Photo Essay – Catherine Aboumrad

February 23rd, 2016  |  by  |  published in February 2016

Photo Essay - Catherine Aboumrad

“Capturing Stillness” – artist statement The Great North of Canada is composed of an infinite and inaccessible number of desert spaces.  The smallness of Self within the infinitely great is a call to introspection. The serenity and silence of the place reveal a disturbing and giddy emptiness. Within this space, there is a presence called […]

The Clash of Nature and the Human Imprint in “Farewell, Eden”

February 23rd, 2016  |  by  |  published in February 2016

The Clash of Nature and the Human Imprint in “Farewell, Eden”

During the 19th century, landscape painting was a popular form of expression for artists to celebrate mankind’s dominion over nature. Pastoral scenes of manicured lawns, tamed gardens and ripe harvests depicted a peaceful, almost perfect world where man and nature thrived in harmonious union. Currently on view at Descanso Garden’s Sturt Haaga Gallery, “Farewell, Eden” […]

“I should have brought a philosopher”: 3 from DiverseWorks’ “What Shall We Do Next?”

February 23rd, 2016  |  by  |  published in February 2016

“I should have brought a philosopher”: 3 from DiverseWorks’ “What Shall We Do Next?”

1: “Refresh (zine)” by Kristin Lucas, 7 stacks of 8.5×11” sheets of paper, stapler. In 2007, Kristin Lucas began her ongoing “Refresh” series, in which she decides to legally change her name. But, it’s only a “refresh,” in the same way one would refresh a page on an internet browser: she was Kristin Sue Lucas, […]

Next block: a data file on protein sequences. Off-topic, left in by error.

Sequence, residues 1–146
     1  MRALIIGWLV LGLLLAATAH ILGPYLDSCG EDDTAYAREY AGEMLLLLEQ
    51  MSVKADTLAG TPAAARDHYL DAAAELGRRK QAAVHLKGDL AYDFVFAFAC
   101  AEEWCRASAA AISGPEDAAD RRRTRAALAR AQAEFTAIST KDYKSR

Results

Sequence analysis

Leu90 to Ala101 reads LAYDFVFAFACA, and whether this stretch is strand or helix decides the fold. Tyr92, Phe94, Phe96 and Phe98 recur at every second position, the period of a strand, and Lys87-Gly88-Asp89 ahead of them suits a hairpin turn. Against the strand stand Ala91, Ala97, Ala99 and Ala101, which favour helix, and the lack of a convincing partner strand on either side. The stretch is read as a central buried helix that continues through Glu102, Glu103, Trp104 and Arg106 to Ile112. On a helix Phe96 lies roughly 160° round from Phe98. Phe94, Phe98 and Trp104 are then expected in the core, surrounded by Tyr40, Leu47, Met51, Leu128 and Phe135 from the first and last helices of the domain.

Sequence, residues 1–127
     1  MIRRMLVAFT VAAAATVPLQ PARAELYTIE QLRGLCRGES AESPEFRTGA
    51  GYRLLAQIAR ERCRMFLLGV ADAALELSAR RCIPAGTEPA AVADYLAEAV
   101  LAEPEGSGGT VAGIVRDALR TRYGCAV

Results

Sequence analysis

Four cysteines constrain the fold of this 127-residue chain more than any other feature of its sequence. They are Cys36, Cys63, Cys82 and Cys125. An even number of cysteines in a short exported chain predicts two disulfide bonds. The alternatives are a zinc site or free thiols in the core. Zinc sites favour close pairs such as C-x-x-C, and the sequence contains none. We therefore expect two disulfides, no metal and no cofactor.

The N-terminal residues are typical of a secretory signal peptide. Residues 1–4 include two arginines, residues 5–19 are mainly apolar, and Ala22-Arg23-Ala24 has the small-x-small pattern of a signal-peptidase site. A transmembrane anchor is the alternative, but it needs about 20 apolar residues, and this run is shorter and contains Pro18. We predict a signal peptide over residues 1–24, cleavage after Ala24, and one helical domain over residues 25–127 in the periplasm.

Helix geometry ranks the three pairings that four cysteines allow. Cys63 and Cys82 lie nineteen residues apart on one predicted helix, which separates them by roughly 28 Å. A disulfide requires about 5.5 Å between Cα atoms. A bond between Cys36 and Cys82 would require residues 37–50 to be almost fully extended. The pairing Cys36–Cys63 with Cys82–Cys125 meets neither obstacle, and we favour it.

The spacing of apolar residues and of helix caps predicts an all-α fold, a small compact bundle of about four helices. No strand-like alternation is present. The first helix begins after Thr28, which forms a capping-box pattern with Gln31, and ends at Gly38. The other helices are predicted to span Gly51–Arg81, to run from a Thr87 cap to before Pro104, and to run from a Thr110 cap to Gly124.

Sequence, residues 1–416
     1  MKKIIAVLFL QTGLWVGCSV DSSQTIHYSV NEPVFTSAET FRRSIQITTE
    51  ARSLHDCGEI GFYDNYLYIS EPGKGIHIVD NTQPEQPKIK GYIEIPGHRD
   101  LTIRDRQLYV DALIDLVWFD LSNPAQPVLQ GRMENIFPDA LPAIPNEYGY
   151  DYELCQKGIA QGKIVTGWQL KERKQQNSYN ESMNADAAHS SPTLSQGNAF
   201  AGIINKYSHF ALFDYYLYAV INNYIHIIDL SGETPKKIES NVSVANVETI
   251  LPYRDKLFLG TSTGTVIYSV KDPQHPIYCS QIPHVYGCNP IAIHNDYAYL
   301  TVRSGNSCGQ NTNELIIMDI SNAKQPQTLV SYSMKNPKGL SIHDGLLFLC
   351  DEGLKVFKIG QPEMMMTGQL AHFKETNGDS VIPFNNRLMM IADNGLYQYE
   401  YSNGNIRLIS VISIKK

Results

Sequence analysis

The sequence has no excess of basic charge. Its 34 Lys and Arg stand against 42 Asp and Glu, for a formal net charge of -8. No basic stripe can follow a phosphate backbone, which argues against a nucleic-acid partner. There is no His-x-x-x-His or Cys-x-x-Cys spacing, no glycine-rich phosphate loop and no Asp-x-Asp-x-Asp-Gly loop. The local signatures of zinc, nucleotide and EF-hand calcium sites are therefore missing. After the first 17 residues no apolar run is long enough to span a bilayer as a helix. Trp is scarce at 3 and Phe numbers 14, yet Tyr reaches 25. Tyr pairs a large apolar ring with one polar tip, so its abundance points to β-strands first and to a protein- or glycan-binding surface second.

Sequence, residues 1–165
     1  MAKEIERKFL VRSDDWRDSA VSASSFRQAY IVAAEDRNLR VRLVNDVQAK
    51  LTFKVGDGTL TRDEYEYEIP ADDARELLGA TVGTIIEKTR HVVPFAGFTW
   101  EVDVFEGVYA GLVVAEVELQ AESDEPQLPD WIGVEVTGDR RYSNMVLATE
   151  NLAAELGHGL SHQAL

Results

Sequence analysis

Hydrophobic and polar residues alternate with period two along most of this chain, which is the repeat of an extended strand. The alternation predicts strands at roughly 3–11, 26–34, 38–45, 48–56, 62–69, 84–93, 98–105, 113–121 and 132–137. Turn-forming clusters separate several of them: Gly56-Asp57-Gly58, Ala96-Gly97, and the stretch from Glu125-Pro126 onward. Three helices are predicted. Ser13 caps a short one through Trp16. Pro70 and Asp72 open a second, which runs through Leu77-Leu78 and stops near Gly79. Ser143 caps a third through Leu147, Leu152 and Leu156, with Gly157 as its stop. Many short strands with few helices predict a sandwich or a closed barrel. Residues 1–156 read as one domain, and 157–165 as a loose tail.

Documentary Review: “Adam Driver Brings Monologues to the Military: Arts in the Armed Forces (AITAF)”

February 23rd, 2016  |  by  |  published in February 2016

Documentary Review: “Adam Driver Brings Monologues to the Military:  Arts in the Armed Forces (AITAF)”

December of 2015 Vice News (a rapidly emerging online media outlet for the “connected generation”) premiered an intriguing documentary entitled, “Adam Driver Brings Monologues to the Military: Arts in the Armed Forces”. Led by Marine-turned-actor Adam Driver (Girls, Star Wars: The Force Awakens), and his wife AITAF’s Artistic Director Joanne Tucker, we follow can’t-quite-place their […]

Maxwell’s Poetry Corner

February 23rd, 2016  |  by  |  published in February 2016

Vinaigrette     Disregarded drips collecting along the bottom rim of my mug, staining rings on Grump’s old desk, prove combined similarities can leave a mark.   My city, similar in thorough collectivity, patient in method, observant of other’s moves, reminds me that stained history is tough to disregard.   Those rings will not be […]

Samantha Hunt’s Mr. Splitfoot

February 23rd, 2016  |  by  |  published in February 2016

Upstate New York, beginning with Buffalo/Niagara Falls, and running through Rochester, Syracuse, due East to Utica, and then up Northeast to Troy and Schenectady, lost most of its industries in the early to mid 1960s, as mill towns lost their mills, and leather tanneries, one of the area’s major employees, closed when New York State […]

Joyce Carol Oates’ The Man Without a Shadow

February 23rd, 2016  |  by  |  published in February 2016

Acknowledging as a starting point that Joyce Carol Oates is never dull, never less than fascinating, and one of America’s greatest writers with one of the most fertile imaginations on earth, this maestra returns with her fascinating The Man Without a Shadow. As background, Oates was, in the past few years, widowed and remarried, and […]

February Issue of Aeqai Online

February 23rd, 2016  |  by  |  published in Announcements

February issue of Aeqai (go to www.aeqai.com) has just posted.  It reflects the very wide range of exhibitions currently on display throughout the region; we’ve got nearly 25 reviews and profiles this month, and it looks like next month’s going to be a big one, as well.  Highlights of this issue include Jonathan Kamholtz’s review of […]